While loath to call the predecessor, the Galaxy S5, a flop, the South Korean company admits the plastic-bodied phone — which was marketed as a more rugged dust and water resistant device — missed the mark with many consumers.
"I don't think that was true in every market," says Ken Price, vice-president of carrier sales and marketing for Samsung Canada, when asked why sales slumped for the S5.
"I think we were successful with the S5. We're not at liberty to share numbers but we wouldn't view the same thing for Canada. What we'd say was, we pressed on things we thought the marketplace was telling us ... and what the market told us was, increasingly, they were looking for something that felt more premium.
"So we feel confident we did some things to listen, respond and adjust our strategy."
Samsung is now talking up the sleek design of the Galaxy S6 and the Galaxy S6 Edge, made with "premium metal and glass."
Price said Samsung also made a conscious effort to streamline the preloaded software on the new phones, unlike previous Galaxy devices that felt bloated in comparison.
"I think we looked in the mirror, so to speak, and said you know what, we're going to make sure everything in there has a reason and in fact we've taken things out that no longer, we felt, had utility."
The Canadian Press sat down with Price and Vlastimir Lalovic, director of product marketing, to discuss the upcoming launch of the new phones, which are available in Canada starting April 10.
CP: You have 30 seconds with a consumer, what's your pitch for them to consider a new Galaxy over an iPhone?
Lalovic: I would go with the design, because we're using premium materials, we used Gorilla Glass 4 on the back and front, so this is the most durable glass material that is available today on the market. And our metal used in our devices is 50 per cent stronger than any other devices.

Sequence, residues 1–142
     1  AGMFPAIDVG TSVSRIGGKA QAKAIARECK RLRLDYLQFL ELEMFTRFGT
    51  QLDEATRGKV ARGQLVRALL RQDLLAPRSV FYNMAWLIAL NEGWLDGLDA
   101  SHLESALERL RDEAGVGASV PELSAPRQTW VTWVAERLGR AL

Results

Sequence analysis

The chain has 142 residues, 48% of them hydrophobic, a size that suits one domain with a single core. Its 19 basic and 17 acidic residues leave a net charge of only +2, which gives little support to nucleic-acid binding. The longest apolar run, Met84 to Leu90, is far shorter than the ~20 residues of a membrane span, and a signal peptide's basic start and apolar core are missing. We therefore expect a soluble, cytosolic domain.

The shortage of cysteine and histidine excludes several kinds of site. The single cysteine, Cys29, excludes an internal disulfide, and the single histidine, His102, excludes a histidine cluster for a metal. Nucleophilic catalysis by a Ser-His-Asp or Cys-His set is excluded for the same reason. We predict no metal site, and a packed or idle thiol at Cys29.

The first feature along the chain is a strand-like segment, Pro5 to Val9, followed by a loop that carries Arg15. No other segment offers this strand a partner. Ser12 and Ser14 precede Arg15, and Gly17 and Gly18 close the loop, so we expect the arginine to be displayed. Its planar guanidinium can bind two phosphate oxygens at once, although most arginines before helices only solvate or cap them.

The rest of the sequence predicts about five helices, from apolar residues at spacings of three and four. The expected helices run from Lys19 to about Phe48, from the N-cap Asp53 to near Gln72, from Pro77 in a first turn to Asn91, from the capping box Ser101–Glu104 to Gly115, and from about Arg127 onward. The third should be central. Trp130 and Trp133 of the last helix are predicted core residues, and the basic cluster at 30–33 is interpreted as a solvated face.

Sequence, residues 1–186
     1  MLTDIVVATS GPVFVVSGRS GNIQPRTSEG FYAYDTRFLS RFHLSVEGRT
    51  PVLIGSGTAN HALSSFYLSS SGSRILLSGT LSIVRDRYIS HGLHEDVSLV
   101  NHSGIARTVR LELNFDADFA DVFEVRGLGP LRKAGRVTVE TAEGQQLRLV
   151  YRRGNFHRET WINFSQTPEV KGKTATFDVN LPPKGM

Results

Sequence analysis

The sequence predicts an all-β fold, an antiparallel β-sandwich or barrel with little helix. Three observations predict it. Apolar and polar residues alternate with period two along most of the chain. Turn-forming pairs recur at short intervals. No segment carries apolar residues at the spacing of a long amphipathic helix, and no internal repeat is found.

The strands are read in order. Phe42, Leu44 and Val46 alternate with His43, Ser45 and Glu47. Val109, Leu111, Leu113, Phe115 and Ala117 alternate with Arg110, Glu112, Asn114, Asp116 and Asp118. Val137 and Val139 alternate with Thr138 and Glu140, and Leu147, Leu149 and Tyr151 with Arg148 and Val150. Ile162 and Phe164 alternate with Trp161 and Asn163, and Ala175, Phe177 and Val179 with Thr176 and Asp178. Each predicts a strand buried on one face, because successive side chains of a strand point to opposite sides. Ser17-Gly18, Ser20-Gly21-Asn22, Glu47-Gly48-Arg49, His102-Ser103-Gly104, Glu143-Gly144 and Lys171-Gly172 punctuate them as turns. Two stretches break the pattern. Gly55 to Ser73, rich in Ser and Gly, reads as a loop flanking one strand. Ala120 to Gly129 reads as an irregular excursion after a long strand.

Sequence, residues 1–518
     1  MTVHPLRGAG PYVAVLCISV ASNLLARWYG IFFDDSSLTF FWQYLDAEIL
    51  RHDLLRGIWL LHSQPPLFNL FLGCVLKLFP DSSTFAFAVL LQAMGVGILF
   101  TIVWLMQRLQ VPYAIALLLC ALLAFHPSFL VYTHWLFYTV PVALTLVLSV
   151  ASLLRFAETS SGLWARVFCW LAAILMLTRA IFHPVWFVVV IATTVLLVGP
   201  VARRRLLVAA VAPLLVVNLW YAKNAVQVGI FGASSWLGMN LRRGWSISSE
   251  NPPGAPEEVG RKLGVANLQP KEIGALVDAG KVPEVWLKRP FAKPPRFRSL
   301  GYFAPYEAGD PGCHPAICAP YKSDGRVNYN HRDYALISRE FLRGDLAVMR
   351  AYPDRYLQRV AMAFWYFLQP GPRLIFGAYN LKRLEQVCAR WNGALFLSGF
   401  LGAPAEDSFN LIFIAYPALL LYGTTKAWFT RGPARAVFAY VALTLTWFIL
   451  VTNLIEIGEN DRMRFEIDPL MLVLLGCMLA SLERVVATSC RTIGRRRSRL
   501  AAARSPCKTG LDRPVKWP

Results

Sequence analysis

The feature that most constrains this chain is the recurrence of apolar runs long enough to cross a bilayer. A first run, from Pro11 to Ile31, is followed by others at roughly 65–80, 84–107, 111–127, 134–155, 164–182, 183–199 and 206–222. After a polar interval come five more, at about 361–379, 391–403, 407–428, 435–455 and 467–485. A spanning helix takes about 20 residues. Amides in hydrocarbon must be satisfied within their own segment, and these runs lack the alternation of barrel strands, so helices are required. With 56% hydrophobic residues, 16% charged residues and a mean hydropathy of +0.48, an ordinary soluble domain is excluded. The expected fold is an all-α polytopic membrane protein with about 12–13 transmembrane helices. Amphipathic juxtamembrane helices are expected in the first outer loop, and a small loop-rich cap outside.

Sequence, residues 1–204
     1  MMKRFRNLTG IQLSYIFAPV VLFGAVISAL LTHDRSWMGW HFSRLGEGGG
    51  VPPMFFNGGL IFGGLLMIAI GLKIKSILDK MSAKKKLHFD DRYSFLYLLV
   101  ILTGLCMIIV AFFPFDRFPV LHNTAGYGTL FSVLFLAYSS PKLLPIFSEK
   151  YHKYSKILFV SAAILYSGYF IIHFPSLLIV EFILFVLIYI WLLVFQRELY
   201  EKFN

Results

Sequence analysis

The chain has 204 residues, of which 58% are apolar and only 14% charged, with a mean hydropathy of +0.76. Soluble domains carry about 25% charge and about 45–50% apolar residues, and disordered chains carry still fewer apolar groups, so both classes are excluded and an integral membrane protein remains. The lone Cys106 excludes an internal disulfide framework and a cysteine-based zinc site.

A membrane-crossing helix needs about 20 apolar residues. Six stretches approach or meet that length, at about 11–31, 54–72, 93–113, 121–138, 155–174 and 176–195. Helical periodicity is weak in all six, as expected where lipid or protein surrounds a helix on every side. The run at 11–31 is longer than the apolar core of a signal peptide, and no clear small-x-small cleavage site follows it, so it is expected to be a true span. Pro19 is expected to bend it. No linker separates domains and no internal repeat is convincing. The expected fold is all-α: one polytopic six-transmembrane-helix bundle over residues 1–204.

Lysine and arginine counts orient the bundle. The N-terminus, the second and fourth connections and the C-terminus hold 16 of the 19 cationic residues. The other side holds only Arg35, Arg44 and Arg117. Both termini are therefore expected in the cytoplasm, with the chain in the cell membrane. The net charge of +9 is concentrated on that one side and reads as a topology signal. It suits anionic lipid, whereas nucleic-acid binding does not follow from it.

CP: With the new design, users can no longer swap out the battery as they could with previous Galaxy phones and there's no longer a SD card slot. What effect will those changes have on sales?
Lalovic: This kind of question we took very seriously, we have access to how many of Samsung's customers actually purchased additional batteries and I can tell you it's a very small number.
Price: I think that's changed over time because the batteries have become better. Even on the Galaxy S5 we had faster charging and the battery capacity had improved, so over time we noticed the demand for replacement batteries went down.
CP: To what extent will emerging Chinese smartphone makers (such as market-leader Xiaomi) influence the Canadian market?
Price: Samsung is a humble company that at one point had three per cent of the marketplace in smartphones and had to earn its way. The one thing about Canadians — and you can ask the folks in Waterloo this too — they want world-class products and a great value. And if you don't deliver that, no matter what country you're from, you're not going to be successful. Will there be a chance for one of those manufacturers to emerge? That'll depend on their ability to do what Samsung has done in terms of thinking about the user experience and being able to aggregate scale around that. It's not easy to do. It's not obvious to us who will be the next contender that would come up that way but I think it'll have to be more than (just) a sheet of glass and putting Android in there, Canadians are more discerning than that.
CP: What did you think of the recent Apple Watch unveil and its impact on Samsung's Gear watches?
Price: From our perspective, we're onto our third generation (of smart watch) arguably, depending on what you count, so we've got lots of experience based on what we've done. Looking at what Apple's done, I'm not sure they've done anything new, I think they've done it for their base, within the context of Apple customers. I'm not sure they've done anything to excite people outside of that base, based on new functionality or new ideas.
— This interview has been edited and condensedSuggest a correction